Trademark, copyright, and patent law all fall under the umbrella of intellectual property law. Intellectual property refers to things created with the mind. Just as tangible property can be protected, so can intellectual property through the legal recognition of the owner’s rights to the property. People are often confused about what type of property is protected through trademark, copyright and patent law. Often, the best way to explain complex legal concepts such as intellectual property law is by way of illustration. Therefore, let’s imagine we have a rock band called “Gerborama” and that our band wants to protect what it believes to be some of its intellectual property creations.
Trademark law would protect our band’s name, slogan, and logo. Although most bands don’t use a slogan, the band’s name and logo are typically prominent on CDs, in the iTunes store, and on merchandise such as T-shirts and posters sold by the band. It would be very important for us to protect these brand assets. Although it’s possible to file a name, slogan, and logo under one trademark application, it is not recommended. This is because if we register “Gerborama” with our logo, we would be required to use the name and logo in the exact combination as they were submitted on our federal trademark registration every time we used them. We could not, for example, decide to redesign our logo and retain our federal trademark rights in the old logo. If we did that, not only would we potentially lose our federal trademark registration in the logo, we could even lose the registration status on the trademark name Gerborama unless we filed a new application. Therefore, the best advice is to register the trademark and the logo separately.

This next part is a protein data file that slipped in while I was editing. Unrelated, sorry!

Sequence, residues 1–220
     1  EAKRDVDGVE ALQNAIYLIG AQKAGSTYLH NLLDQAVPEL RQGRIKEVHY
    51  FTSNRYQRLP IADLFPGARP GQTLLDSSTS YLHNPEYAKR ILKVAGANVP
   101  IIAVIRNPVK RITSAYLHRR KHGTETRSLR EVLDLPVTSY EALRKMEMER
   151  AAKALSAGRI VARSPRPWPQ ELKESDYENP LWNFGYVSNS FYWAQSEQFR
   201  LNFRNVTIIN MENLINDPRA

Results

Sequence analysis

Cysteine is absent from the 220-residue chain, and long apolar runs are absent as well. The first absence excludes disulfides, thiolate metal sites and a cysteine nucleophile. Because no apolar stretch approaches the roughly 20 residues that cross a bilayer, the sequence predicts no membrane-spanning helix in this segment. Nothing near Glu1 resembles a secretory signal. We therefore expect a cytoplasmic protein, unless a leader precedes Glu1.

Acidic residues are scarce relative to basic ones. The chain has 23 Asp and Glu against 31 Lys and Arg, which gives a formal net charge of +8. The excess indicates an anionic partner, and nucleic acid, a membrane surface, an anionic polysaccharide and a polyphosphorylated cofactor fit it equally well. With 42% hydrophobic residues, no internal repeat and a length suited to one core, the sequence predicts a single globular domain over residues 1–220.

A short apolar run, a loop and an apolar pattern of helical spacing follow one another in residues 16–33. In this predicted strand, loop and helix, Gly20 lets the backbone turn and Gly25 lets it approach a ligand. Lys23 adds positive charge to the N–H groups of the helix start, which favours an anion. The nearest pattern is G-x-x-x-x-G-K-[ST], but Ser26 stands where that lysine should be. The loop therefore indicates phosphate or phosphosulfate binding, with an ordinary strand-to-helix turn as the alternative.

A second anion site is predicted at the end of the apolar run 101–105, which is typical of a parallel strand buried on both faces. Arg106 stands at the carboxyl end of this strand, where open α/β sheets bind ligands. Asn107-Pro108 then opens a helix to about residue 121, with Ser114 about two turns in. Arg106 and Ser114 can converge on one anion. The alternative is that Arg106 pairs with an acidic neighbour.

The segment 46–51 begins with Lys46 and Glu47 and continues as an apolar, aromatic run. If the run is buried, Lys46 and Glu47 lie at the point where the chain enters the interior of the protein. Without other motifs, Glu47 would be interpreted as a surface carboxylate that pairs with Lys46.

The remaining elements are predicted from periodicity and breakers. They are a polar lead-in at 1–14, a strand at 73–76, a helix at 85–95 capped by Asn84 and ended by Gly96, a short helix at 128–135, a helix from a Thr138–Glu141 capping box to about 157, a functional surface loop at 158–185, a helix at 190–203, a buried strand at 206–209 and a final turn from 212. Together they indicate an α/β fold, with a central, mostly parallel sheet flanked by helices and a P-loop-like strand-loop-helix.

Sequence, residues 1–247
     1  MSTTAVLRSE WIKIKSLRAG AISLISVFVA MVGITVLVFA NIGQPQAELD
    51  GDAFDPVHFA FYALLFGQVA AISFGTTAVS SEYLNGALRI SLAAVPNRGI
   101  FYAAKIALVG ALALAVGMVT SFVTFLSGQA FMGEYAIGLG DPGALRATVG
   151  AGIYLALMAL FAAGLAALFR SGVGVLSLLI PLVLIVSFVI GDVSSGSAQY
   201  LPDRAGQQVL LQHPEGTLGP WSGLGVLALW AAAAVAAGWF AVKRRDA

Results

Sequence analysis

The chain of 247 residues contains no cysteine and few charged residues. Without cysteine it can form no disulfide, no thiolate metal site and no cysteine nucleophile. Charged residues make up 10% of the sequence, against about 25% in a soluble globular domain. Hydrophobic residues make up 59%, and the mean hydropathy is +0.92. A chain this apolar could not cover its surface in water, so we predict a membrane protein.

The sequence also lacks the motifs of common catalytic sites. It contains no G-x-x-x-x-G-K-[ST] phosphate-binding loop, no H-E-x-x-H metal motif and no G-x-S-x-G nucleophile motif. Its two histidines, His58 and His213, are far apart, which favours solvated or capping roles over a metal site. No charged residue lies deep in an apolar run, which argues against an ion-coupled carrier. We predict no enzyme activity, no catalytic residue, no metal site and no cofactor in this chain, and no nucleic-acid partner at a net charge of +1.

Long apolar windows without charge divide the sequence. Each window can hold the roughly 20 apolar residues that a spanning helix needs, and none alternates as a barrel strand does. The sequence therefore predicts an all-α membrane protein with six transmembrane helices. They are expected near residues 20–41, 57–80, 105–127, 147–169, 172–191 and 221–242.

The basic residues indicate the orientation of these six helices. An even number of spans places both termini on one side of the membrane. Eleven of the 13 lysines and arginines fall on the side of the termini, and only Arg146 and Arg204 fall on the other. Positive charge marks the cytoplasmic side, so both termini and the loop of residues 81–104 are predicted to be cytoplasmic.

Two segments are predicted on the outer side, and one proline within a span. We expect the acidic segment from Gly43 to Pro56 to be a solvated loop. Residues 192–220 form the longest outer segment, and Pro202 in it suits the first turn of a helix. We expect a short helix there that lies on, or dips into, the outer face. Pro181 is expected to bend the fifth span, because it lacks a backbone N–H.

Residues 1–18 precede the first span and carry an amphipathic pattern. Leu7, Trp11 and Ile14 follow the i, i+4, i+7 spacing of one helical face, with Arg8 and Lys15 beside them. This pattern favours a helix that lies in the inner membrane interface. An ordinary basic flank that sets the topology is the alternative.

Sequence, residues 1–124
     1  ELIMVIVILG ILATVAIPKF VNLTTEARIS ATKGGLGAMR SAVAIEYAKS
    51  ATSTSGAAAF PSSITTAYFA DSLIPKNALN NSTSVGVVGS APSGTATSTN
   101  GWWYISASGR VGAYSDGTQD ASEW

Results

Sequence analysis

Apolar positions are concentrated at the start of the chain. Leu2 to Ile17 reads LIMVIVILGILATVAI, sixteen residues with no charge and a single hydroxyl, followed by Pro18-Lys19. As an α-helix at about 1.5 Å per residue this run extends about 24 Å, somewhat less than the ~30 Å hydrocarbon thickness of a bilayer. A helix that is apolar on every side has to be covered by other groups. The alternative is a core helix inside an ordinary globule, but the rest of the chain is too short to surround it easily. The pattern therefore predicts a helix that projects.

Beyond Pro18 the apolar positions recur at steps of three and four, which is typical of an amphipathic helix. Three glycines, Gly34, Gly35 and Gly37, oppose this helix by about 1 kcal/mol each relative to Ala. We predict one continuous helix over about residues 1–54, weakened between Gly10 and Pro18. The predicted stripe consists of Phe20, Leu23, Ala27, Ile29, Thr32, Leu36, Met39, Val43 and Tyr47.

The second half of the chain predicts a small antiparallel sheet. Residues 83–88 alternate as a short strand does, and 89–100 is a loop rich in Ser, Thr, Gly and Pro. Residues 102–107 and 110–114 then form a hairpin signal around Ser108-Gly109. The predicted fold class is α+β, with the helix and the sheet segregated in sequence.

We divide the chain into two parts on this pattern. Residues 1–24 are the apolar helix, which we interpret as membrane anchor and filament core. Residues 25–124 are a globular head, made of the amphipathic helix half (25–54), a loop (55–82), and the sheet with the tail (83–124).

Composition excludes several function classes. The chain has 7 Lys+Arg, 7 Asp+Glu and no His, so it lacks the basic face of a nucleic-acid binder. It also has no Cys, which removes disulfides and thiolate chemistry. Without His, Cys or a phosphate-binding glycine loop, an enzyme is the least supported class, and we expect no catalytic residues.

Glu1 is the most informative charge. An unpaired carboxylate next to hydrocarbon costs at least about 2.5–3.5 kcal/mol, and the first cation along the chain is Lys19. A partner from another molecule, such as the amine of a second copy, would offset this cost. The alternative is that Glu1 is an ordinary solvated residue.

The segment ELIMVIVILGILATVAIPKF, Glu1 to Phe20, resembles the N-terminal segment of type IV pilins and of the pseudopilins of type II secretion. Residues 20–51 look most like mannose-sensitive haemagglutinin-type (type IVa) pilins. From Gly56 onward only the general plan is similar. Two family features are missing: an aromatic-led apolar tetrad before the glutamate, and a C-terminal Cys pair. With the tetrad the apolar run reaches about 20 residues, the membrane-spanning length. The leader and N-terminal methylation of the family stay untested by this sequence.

Copyright law is used to protect the rights of the creator of a piece of work. The work could be a photograph, a writing, and expression of an idea, a video, or in the case of our band, a song. Think of a copyright as a way to prevent others from using or copying art. As music is a form of art, all parts of our song, from the sheet music to the lyrics, would be covered under copyright law. Once we copyright a song, no one may copy or adapt that song without our permission.
Patent law covers inventions. For example, imagine that our band Gerborama decided to retire from playing music but since we all still have a passion for music we put our knowledge and experience together and invented a musical instrument called a Gerbophone, Gerborama could file a patent to protect the invented Gerbophone. Once we patent the Gerbophone no one else can make, use, offer for sale, or sell the invention without our permission.
In summary, our band could benefit from all three types of intellectual property law protection. Since trademarks apply to a name, logo, or slogan we could register both the name of our band and our slogan. This will prevent others from using the same name and/or slogan. We can then copyright all songs we write because copyright protects works of art. Our copyright will prevent other from using or adopting our songs. Finally, we can apply for a patent for the musical instrument that we invent during retirement. The patent prevents others from making, using, offering for sale, or selling our invention.
Copyrights, trademarks, and patents all fall under the umbrella of intellectual property but serve very important and unique functions. Now that you have a better understanding of copyrights, trademarks, and patents you are in a better position to protect your intellectual property.